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Electron microscope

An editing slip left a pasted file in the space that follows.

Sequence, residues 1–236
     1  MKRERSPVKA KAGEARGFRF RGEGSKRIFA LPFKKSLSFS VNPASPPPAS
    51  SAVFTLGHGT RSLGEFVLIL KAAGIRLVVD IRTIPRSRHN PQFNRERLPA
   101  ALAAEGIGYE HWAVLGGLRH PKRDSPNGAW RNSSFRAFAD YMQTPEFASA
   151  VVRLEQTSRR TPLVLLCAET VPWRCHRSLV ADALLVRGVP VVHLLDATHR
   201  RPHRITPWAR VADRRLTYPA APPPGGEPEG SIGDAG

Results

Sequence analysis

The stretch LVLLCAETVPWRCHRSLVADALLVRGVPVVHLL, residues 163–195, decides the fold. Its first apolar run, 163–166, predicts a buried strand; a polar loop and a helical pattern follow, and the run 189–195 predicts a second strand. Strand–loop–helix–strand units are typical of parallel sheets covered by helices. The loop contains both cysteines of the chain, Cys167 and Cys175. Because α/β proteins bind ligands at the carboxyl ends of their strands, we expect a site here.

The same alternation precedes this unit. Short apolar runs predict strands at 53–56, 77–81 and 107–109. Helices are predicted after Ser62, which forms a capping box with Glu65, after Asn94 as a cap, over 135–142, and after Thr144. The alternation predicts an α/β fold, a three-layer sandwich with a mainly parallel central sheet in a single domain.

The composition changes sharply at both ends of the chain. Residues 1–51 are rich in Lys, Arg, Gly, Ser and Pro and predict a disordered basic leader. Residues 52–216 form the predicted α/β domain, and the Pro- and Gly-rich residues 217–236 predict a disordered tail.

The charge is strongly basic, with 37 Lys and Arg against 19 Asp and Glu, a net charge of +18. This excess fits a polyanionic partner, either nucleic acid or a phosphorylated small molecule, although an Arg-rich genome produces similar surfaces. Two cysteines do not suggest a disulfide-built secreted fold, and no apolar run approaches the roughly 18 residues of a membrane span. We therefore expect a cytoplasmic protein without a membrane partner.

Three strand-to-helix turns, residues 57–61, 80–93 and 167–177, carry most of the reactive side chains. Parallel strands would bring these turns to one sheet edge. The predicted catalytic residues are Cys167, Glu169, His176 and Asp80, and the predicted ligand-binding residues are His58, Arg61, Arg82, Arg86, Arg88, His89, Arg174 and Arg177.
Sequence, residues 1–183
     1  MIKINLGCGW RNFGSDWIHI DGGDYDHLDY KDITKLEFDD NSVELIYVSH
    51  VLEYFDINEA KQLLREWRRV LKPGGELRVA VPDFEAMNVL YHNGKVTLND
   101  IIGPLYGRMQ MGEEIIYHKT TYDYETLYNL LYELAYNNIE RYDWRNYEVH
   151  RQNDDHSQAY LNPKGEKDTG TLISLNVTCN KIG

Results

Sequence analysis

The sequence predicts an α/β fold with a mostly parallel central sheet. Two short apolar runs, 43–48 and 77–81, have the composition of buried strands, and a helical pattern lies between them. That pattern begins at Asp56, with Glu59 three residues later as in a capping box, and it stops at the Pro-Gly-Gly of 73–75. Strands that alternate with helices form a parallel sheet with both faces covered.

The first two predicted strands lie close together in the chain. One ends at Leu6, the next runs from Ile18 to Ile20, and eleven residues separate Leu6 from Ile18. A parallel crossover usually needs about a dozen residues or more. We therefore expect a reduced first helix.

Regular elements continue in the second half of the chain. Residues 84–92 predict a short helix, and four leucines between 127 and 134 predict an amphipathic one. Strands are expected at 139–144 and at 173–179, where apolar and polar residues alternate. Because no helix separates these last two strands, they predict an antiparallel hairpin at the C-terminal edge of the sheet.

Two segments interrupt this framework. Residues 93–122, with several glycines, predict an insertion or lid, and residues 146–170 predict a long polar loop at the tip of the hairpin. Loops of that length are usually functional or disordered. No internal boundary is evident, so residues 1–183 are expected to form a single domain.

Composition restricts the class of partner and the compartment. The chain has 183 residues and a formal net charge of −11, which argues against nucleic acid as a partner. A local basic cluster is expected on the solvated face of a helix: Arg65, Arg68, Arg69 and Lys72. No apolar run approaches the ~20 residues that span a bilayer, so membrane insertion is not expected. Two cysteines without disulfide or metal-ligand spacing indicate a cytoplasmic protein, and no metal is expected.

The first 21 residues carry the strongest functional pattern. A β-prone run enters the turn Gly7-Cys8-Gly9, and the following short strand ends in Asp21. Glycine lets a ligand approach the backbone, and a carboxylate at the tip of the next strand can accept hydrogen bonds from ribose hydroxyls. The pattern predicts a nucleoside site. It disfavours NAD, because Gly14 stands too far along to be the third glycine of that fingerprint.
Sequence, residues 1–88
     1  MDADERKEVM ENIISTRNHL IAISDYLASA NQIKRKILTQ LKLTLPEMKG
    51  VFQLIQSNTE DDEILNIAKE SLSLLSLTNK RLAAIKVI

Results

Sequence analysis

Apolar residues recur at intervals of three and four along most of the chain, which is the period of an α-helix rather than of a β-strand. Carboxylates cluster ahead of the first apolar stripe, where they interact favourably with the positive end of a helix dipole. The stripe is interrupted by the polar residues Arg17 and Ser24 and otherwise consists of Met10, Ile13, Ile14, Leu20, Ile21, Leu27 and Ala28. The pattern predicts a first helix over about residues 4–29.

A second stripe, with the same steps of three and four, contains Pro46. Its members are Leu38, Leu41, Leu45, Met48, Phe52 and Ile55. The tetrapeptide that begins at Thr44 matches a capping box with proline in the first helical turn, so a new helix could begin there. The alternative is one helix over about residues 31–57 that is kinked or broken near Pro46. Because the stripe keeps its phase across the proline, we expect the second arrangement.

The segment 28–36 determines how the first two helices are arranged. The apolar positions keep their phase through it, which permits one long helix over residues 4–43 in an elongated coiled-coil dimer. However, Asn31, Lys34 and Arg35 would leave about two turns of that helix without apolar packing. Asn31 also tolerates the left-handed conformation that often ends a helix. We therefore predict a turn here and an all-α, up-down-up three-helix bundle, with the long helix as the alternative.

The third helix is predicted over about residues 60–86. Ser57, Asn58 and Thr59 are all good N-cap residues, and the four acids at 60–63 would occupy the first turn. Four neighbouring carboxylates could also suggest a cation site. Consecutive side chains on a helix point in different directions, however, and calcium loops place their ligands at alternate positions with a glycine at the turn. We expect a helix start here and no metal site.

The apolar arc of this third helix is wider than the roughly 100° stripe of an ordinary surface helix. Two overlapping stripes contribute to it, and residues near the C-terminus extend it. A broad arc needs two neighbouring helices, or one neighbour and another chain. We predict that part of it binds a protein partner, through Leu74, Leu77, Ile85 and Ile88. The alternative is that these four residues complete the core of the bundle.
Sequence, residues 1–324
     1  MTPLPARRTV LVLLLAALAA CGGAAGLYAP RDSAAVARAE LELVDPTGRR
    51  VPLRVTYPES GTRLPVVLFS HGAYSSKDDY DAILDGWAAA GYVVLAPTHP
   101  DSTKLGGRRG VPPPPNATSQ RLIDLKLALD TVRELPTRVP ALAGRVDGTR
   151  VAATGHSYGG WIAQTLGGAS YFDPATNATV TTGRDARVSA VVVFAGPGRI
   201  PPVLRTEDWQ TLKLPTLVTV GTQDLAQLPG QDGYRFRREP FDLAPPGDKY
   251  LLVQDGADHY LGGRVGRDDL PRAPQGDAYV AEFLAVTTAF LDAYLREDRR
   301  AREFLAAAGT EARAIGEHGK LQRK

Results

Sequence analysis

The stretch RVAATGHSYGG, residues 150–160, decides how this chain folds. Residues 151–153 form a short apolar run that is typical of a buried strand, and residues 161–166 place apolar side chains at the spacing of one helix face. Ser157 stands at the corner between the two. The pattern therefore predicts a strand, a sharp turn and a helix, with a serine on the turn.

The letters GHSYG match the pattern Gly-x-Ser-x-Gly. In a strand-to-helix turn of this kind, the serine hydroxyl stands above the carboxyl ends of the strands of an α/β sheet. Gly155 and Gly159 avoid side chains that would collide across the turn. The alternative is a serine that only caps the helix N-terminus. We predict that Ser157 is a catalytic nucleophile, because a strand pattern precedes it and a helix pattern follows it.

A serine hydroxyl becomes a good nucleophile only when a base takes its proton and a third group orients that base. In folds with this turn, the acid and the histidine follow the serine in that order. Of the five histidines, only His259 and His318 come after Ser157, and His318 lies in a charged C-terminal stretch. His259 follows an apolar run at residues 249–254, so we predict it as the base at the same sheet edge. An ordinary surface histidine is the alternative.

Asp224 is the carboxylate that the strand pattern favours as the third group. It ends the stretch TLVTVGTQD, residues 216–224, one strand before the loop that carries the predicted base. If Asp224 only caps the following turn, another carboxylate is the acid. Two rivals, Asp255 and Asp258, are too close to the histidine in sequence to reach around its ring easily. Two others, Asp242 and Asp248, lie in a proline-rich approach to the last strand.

Electron microscope, microscope that uses beams of electrons to produce extremely high magnifications. The optical microscope cannot produce images of objects smaller than the wavelength of the light used. But when the French physicist Victor De Broglie discovered in 1924 that electrons could behave like waves, it became apparent that streams of electrons could be manipulated to produce magnified images. A wavelength 100,000 times shorter than that of green light could be produced, making enormous magnifications possible. In 1935 an instrument was produced that exceeded the resolution of the optical microscope. An electron gun, consisting of a hot tungsten filament and electrodes carrying up to 100,000 volts, generates a stream of high-velocity electrons. This electron beam is controlled by a system of magnetic fields generated by circular coils that are analogous to the lenses in ordinary microscopes. The beam has to travel in a high vacuum (about 1/10,000,000 atm) to avoid scattering the electrons and blurring the image. The object to be examined must be extremely thin to allow the passage of the electrons. On passing through the specimen, the electrons are scattered to varying extent by the different atoms in it. The scattered electrons produce contrast in an image either on a photographic plate or on a fluorescent screen. Further magnification can be obtained by enlarging the photograph. Instrumental magnifications up to 200,000 are common, and with photographic enlargements, magnifications exceeding 2 million can be made. On May 20, 1970, Albert V. Crewe of the University of Chicago succeeded in taking pictures of individual uranium and thorium atoms in organic compounds. He has also taken remarkably fine pictures of DNA, the complex helical molecule that carries genetic information in almost all living organisms.

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